Styrofoam wrapped around a center frame of a 48cm road bike, headset velcro strapped to center bar, derailleur removed and placed in a red bag and velco strapped in the center of bike frame.
Do you know how to take apart a road bike down to the frame? I learned quickly, by packing my frame and wheels into a Ruster Armored Hen House.

Two standard sized bags weighing in each at 46 pounds and 26 pounds;  one carry-on backpack with my laptop, essentials, medication, and epi pen. Every item was carefully checked and double checked. We loaded them into the car, and my husband bade me farewell and good luck at the airport.

I was off to Maui, HI for a triathlon camp. Over a week’s time, we would be riding four challenging cycling routes, running and hiking through a variety of different terrains and elevations, and swimming in the ocean.

Black bag with red handles for bike wheels, and 62 linear inch black frame bag by Ruster Hen House, used to fly frame and wheel of a exercise equipment in standard size cases.
Want to fly your exercise equipment without being charged additional fees for oversized bags? Ruster Hen House does just that, in a bag that fulfills the requirement of being under 62 linear inches.

By the next day, I would have my bags unpacked, my dismantled road bike inside the two standard cases rebuilt, and I would be sailing down the coast of Maui towards the Maui Winery with the wind in my hair and water in my road bike bottles. However, man (or woman) cannot live on bread and water alone; in fact, I can’t really live on bread either!  I would need to be able to feed myself for the duration of the demanding camp activities, as the caterer had let me know that she would be unable to safely meet my needs while feeding everyone else. I opted to cook for myself.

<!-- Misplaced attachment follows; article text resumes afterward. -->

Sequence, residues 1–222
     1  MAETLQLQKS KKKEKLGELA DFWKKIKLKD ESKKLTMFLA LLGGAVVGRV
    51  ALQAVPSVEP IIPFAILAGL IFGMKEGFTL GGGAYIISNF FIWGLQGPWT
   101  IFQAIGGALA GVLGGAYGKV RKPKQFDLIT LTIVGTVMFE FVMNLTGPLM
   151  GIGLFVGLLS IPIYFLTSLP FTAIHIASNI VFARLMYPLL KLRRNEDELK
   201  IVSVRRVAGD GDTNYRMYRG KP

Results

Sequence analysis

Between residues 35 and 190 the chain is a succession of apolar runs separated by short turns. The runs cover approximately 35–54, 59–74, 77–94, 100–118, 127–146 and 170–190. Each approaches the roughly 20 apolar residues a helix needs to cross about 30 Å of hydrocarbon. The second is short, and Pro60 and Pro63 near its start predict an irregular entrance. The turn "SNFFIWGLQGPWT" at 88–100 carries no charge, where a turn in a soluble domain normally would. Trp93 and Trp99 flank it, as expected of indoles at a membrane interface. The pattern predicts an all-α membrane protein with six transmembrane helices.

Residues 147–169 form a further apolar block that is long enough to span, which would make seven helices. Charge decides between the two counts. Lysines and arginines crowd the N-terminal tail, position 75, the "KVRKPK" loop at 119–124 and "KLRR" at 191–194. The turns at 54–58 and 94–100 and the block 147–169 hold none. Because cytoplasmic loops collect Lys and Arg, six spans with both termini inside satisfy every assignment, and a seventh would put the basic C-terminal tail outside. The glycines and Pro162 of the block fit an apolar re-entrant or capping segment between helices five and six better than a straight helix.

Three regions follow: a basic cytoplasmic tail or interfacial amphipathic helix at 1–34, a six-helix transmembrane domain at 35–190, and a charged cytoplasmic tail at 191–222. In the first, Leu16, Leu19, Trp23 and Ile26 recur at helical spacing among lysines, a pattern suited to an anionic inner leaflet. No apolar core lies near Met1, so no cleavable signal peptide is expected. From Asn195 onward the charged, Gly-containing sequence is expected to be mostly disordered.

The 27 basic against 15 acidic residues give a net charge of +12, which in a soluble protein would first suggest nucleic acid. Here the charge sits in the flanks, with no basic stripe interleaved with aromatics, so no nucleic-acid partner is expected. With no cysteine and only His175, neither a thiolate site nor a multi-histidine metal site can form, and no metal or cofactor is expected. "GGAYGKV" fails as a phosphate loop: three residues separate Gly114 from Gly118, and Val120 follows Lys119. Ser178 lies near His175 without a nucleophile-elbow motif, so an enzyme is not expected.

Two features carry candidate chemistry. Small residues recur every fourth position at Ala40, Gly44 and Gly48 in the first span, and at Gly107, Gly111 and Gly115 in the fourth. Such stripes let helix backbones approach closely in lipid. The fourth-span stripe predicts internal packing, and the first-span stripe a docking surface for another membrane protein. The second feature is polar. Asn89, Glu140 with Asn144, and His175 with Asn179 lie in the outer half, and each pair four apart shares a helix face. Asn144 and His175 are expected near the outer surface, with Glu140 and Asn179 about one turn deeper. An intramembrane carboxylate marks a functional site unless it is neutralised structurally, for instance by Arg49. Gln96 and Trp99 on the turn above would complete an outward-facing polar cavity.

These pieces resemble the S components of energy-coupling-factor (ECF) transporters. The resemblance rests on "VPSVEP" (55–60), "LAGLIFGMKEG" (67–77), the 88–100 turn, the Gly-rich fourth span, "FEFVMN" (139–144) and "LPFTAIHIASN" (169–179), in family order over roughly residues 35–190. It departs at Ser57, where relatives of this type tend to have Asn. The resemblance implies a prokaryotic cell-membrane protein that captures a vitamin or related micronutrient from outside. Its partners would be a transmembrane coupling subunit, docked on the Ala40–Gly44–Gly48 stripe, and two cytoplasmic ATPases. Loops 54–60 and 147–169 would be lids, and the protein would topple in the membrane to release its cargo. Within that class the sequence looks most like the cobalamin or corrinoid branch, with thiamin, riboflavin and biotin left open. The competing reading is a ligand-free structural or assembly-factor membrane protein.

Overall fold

Life’s most beautiful adventures across your state borders and across an ocean require you to think about travel cooking beyond the confines of your kitchen. All journeys are really not so much about what you take, but what you leave behind. What can’t you live without, regarding a week’s worth of food?

In my last post, I gave you a glimpse into menu planning so you could think like a pro when it comes to organizing yourself for cooking for at home. When you travel, it’s even that much more important that you learn how to save time and money by planning carefully what you will need to eat, and how to create tasty, nutritious food that you will want to eat, especially when you’re tired and worn out from all your fabulous activities throughout the day.

Keep reading to learn more about how to cook for yourself when you arrive at your destination’s kitchen, and what I did to improvise.

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Menu Planning Like a Boss

It’s that time again. It’s time to travel, and cook for myself outside my own kitchen!

Next week, I’m climbing into a plane and flying with my road bike to Maui to participate in a triathlon camp. Unlike the last time I travelled for the same camp, I’ll be responsible for about 90% of all my food and snacks for a very active week full of epic bike rides, ocean swimming and snorkeling, hikes through bamboo forests and red dirt trails, and running on beaches and trails on this beautiful island.

My chiropractor mentioned a truth that I found ironic. He said that a successful Ironman competition was not just about who was strong enough to go the distance — a 2.4mile swim, 112-mile bike course, and a 26.2 mile run – but who could  eat and drink enough to cover that distance!

When 70% of all surveyed athletes state that they have experienced GI distress during a race or sport performance, it’s a serious concern. So the Sensitive Celiac takes food seriously! And of course, I make food fun again by showing you just how easy it is, once you know what you need to eat, to simplify the process, organize yourself, and make tasty and nutrient-dense meals and snacks that will help you take on the activities of life that thrill you.

You might not ever do an Ironman, but I can tell you, just snorkeling in the ocean makes everyone hungry! Everyone needs to eat. Having food allergies and intolerances or a special diet means planning, preparation, and if at all possible, cooking your own food.

So, wanna know how to menu plan like a boss?